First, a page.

Bartholomeus van der Helst

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Bartholomeus van der Helst (1613 – buried 16 December 1670) was a Dutch Golden Age portrait painter.


Self-portrait (1655)

Born in Haarlem, the son of a Haarlem innkeeper, Van der Helst moved to Amsterdam some time before 1636, for he was married there in that year. His first dated picture, a group portrait of the regents of the Walloon Orphanage (currently the location of Maison Descartes in Amsterdam), dates from 1637. It is unknown from whom he learned to paint, but in Haarlem he must have at least known the work of Frans Hals, who like him, never traveled to Italy and specialized in portraiture. Hals refused even to travel to Amsterdam to paint the lucrative schuttersstukken, and a few years after the trekschuit made commuting to Amsterdam possible in 1632 he attempted this in 1636 with the De Magere Compagnie, but gave it up and let Pieter Codde finish it. As the son of an innkeeper with ever-increasing trekschuit patrons, van der Helst would have seen immediately the importance of this and the relative value of Amsterdam above Haarlem. In any case, he moved to Amsterdam and in 1639 he won his own schutterstuk commission, The company of Captain Roelof Bicker and Lieutenant Jan Michielsz Blaeuw. In Amsterdam he may well have trained with Nicolaes Eliaszoon Pickenoy.

Career in Amsterdam

Abraham del Court and his wife Maria de Kaersgieter, in Museum Boijmans Van Beuningen

In Amsterdam Van der Helst was a contemporary of Rembrandt. He soon became the most popular painter of portraits in that city, his flattering portrayals in the style of Anthony van Dyck being more immediately appealing than Rembrandt's dark and introspective later work. Some of Rembrandt's pupils, including Ferdinand Bol and Govaert Flinck, adopted Van Helst's style instead of their master's.

His large group portrait, Banquet of the Amsterdam Civic Guard in Celebration of the Peace of Münster, was painted in 1648, and exhibited to popular acclaim. It was this painting that sealed his fame for future generations, according to Arnold Houbraken, and it was admired by Godfried Kneller.[1]

When Joshua Reynolds visited Amsterdam in 1781, he praised the painting as "perhaps, the first picture of portraits in the world, comprehending more of those qualities which make a perfect portrait than any other I have ever seen". On 25 June 2006, Hans-Joachim Bohlmann, who had already caused an estimated 130 million Euros damage in similar attacks in Germany, intentionally damaged the painting by spraying lighter fuel on its surface and lighting it. Only in January 2005 Bohlmann, having been held in psychiatry for more than 16 years, had been released by a court ruling that, although psychiatrists still saw a high risk for further attacks, such risk for property could not lead to a life sentence. Although the damage this time was mostly to the varnish layer, some parts of the original paint and cloth were also afflicted as well as the frame.[2]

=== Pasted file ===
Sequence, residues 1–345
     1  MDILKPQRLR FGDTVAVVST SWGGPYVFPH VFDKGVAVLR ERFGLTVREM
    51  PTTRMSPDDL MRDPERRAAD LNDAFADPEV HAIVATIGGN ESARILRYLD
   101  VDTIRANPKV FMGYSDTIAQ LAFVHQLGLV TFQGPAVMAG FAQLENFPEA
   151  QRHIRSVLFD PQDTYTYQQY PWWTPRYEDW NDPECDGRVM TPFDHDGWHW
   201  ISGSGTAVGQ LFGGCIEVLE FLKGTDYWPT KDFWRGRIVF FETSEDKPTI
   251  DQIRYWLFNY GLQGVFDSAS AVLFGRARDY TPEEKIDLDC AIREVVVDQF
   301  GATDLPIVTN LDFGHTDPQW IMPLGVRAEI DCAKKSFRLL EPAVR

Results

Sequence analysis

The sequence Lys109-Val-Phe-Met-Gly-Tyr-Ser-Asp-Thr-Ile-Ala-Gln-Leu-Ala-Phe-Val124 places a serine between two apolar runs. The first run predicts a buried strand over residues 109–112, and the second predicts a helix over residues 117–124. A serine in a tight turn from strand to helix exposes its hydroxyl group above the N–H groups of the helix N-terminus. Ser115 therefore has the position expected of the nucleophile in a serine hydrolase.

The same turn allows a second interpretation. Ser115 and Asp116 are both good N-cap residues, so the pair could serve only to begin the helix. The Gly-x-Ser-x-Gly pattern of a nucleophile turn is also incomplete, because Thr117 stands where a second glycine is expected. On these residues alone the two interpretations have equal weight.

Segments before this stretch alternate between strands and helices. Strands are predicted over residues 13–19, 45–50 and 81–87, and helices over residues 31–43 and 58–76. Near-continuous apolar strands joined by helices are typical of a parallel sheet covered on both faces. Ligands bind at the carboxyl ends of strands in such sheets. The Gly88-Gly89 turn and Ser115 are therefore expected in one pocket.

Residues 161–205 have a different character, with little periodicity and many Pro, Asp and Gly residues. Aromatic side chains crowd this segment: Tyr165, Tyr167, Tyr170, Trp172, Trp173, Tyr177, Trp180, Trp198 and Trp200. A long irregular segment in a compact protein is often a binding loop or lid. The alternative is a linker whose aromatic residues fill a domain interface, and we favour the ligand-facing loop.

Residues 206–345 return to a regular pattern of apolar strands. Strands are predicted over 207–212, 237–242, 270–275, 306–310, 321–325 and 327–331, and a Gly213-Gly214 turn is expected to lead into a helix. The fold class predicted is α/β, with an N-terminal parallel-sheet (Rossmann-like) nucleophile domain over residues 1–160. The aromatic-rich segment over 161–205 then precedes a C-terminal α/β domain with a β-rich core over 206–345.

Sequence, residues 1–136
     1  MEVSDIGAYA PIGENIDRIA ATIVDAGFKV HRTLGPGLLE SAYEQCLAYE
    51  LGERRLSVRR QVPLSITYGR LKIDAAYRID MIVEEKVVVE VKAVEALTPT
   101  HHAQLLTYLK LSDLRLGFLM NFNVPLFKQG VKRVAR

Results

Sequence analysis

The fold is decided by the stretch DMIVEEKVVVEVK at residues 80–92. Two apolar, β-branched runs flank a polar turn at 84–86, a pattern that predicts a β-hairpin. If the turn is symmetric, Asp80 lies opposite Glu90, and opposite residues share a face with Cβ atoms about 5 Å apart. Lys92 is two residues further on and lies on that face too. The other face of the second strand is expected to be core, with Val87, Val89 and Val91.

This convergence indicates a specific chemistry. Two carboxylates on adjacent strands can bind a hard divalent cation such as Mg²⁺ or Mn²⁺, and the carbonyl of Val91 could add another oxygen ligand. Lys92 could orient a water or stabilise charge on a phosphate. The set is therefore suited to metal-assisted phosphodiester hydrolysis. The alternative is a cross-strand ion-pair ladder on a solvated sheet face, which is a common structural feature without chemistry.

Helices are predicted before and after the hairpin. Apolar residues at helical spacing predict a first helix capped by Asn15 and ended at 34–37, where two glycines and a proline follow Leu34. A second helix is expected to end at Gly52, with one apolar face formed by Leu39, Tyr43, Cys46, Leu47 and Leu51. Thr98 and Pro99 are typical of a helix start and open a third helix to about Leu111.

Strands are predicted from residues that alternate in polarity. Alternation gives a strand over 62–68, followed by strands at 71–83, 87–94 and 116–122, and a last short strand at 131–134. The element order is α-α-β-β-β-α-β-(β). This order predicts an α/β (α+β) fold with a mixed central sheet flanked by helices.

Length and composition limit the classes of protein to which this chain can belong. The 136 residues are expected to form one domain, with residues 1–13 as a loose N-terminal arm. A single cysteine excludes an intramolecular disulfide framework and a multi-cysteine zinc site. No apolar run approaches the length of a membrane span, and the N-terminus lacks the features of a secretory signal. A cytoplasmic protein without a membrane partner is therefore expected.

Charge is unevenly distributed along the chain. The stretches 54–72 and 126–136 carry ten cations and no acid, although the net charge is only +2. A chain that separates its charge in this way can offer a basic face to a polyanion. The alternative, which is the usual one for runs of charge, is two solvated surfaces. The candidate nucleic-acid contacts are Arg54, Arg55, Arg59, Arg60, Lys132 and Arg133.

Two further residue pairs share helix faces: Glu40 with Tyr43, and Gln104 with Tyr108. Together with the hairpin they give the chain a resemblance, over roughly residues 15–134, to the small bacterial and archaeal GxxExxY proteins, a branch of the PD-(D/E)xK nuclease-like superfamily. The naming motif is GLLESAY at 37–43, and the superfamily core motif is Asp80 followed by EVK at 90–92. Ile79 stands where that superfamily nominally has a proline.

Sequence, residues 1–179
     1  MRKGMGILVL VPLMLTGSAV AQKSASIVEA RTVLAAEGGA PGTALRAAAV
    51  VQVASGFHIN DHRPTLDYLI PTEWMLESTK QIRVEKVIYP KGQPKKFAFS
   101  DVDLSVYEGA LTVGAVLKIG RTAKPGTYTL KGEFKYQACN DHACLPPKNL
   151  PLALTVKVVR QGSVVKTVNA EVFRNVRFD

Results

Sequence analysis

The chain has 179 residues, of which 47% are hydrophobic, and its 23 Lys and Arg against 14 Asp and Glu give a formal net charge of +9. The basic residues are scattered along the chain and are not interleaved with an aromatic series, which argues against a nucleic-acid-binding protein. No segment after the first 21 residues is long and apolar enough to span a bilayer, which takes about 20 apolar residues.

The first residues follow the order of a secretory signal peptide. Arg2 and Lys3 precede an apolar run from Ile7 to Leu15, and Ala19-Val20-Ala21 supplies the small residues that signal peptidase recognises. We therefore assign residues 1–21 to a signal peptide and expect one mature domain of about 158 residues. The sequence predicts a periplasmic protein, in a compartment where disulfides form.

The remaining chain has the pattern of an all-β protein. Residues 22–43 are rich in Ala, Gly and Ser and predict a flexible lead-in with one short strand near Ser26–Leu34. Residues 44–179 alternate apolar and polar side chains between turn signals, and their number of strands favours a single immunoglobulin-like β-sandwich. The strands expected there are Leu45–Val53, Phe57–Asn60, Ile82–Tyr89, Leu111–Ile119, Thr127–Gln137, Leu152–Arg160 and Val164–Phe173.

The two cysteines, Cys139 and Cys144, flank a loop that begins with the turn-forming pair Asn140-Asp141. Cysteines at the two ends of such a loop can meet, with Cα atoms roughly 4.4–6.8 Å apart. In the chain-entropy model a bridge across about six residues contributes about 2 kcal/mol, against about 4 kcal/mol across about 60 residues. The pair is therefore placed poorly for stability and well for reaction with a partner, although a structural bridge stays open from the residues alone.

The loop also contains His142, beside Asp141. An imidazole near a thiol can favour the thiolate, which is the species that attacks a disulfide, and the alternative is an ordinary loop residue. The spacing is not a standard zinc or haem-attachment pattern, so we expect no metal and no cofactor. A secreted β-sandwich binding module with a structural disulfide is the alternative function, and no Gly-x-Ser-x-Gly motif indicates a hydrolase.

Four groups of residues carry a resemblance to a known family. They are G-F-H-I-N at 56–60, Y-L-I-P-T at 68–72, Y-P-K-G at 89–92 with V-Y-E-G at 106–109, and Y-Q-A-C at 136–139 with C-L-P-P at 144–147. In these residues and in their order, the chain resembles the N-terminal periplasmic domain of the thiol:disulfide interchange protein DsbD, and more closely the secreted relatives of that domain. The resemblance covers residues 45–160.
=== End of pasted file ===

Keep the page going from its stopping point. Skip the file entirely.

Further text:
He was the teacher of his son Lodewijk van der Helst who followed his style. He died at Amsterdam in 1670.


Banquet of the Amsterdam Civic Guard in Celebration of the Peace of Münster, painted 1648, exhibited at the Rijksmuseum.

Along with the portraits for which he is most famous, Van der Helst painted a few historical, biblical and mythological scenes. Upon his death, his widow offered his works for sale in 1671 in an advertisement in the Haarlems Dagblad,[3] probably necessary because of the (depressed) Dutch economy:

Gerard Andriesz Bicker
"The widow of Bartholomeus van der Helst, in life a very respected and artistic painter, is willing to sell all of his works, including many large pieces, that are painted by himself as well as respected masters such as Frans Floris, Simon de Vos, Goltzius, Adriaen Brouwer, Pieter Lastman, Gerard van Zyl, Simon de Vlieger, Hendrik Gerritsz Pot, Otto Marcelis, Willem van de Velde, etc."
Portrait of Captain Gideon de Wildt

Portrait of Gerard Andriesz Bicker

Today van der Helst's most famous portrait is his half-length portrayal of Gerard Andriesz Bicker, the son of Andries Bicker, the mayor of Amsterdam, whom he also painted in 1642. This portrait is often used to depict obesity as a symbol of wealth of the Amsterdam merchants of the Dutch Golden Age in Amsterdam. It was probably painted in 1639, the same year as the first schutterstuk where Roelof Bicker is the central figure. At that time Gerard Andriesz Bicker was 17 years old, and held the titles Lord of Engelenburg and High Bailiff of Muiden. It was quite common for artists to win whole family portrait commissions from members of the schutterij after painting group portraits. This is why the competition in schutterstukken became so fierce, led by Rembrandt's Nightwatch.